Australians with dementia are being recruited for a trial of a Chinese herbal medicine which researchers say improves memory.
More than 200 Australians with dementia will be part of a new trial of a Chinese herbal medicine which researchers say has already shown encouraging results.
Sailuotong (SLT), a combination of ginseng, ginkgo and saffron, has been developed and tested by a team from Xiyuan Hospital, China Academy of Chinese Medical Sciences and the National Institute of Complementary Medicine at Western Sydney University.
The institute's Associate Professor Dennis Chang says SLT is designed for vascular dementia and mixed dementia, involving vascular and Alzheimers disease.
The trial is funded by one of China's largest herbal manufacturers, Shineway Pharmaceutical Group, Prof Chang told AAP.
Pilot studies found SLT improves the cognitive and memory impairment associated with vascular dementia, the second most common form of the condition, he said.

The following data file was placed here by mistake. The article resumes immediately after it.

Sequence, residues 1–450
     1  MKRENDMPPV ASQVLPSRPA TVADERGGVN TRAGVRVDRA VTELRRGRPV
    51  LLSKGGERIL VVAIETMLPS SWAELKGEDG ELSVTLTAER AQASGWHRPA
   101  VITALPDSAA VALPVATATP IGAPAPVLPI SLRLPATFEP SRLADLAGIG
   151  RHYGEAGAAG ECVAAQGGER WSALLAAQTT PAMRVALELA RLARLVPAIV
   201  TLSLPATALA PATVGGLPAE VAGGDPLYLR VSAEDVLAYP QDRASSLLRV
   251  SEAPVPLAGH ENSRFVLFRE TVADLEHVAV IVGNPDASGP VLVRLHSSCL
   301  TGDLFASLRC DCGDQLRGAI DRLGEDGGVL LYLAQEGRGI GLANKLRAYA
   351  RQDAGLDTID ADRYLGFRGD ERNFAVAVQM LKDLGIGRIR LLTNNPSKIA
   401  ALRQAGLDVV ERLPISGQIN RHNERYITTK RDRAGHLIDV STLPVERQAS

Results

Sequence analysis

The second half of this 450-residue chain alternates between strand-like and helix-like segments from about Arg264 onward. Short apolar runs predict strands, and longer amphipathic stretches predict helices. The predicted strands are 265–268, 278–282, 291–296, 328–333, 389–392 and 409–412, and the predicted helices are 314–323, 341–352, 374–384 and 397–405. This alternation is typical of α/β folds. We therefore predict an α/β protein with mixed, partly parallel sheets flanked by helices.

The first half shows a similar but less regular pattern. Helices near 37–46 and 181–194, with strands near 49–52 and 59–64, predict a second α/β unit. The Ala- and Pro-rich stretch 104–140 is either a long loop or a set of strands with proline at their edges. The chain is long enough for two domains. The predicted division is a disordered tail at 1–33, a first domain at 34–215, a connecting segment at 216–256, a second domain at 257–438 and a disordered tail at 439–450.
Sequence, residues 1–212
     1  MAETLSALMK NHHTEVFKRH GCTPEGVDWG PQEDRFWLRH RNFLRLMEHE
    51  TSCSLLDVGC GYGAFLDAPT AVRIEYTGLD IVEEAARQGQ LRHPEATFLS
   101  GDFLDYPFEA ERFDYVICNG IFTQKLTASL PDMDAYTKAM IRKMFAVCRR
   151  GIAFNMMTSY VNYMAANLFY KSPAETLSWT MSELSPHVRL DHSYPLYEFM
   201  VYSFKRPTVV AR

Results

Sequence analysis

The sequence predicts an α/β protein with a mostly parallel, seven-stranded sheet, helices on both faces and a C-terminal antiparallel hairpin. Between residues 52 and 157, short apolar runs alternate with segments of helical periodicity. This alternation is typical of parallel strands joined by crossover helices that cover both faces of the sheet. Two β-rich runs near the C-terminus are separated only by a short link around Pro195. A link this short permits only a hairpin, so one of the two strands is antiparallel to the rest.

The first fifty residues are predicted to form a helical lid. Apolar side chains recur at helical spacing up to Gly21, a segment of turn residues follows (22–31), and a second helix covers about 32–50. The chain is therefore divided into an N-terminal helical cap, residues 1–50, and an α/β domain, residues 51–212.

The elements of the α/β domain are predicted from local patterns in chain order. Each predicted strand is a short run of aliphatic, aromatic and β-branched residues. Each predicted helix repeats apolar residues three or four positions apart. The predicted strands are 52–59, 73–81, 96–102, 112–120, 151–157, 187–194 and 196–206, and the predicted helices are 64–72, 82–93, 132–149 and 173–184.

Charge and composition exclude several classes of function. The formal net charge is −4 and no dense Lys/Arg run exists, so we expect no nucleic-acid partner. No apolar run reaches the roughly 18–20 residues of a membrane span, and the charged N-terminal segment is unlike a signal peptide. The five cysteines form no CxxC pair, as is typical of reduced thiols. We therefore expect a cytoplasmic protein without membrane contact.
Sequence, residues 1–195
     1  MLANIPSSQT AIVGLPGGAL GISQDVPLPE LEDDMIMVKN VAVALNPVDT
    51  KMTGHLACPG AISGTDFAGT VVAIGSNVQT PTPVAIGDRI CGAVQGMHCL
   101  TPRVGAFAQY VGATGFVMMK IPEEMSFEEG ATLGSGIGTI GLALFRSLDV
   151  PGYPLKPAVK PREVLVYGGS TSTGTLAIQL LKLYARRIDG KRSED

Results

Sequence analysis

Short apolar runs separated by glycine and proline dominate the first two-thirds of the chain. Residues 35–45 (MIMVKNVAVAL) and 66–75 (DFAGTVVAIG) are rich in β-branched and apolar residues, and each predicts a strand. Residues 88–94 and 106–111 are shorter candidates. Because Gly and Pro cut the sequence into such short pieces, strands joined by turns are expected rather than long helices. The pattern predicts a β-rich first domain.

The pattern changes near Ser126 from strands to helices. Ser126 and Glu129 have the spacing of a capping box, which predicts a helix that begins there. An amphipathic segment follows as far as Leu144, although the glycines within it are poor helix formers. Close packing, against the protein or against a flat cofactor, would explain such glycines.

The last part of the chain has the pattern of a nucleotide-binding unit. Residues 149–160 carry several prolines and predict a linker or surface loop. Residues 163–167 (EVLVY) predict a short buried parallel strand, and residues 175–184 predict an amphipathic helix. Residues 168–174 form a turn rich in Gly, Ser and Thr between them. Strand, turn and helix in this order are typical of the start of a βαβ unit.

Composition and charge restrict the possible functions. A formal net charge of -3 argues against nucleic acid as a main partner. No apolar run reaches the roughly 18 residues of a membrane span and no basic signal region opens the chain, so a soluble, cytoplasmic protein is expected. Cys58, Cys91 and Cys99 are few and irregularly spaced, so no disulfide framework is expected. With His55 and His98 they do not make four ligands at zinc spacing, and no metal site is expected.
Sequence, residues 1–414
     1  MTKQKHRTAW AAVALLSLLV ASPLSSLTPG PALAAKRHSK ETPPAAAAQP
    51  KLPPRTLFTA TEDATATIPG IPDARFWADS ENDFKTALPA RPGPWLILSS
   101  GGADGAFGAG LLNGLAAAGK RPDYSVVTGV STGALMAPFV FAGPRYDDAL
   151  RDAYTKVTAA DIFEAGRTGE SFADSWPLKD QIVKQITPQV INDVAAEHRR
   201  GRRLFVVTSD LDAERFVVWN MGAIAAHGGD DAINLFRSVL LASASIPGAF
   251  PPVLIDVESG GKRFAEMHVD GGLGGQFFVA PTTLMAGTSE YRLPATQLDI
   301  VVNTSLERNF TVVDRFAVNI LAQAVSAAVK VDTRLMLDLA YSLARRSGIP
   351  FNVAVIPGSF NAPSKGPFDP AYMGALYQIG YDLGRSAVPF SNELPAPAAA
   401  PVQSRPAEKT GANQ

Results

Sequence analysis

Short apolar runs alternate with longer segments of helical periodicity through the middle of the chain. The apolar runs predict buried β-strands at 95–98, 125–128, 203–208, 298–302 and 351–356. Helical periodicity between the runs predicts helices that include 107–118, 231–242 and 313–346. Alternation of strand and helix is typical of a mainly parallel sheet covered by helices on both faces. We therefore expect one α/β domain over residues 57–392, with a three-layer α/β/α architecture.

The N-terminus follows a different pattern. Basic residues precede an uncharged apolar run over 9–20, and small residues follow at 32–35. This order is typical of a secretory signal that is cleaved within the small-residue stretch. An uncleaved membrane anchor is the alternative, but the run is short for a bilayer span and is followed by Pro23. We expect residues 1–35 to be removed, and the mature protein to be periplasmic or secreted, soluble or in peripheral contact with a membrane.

The Australian trial, due to start early next year, will involve 226 patients and five hospital clinics.
Participants will take two capsules twice a day for 52 weeks, but they and the clinicians won't know if their medicine is a placebo or SLT.
Standard clinical tests will be used to assess cognitive ability and psychological wellbeing, while some participants will have MRI scans to see if there are physical changes in the brain.
Another trial involving more than 500 patients will take place in China.
Prof Chang acknowledged there was always scepticism about complementary medicine.
"We are using the standard and robust medical research techologies to test this medicine."
The institute was independent and the study had been approved by the university's Human Ethics Committee and the NSW Guardianship Tribunal, he said.
People interested in the trial can email email@example.com or phone 02 46203578.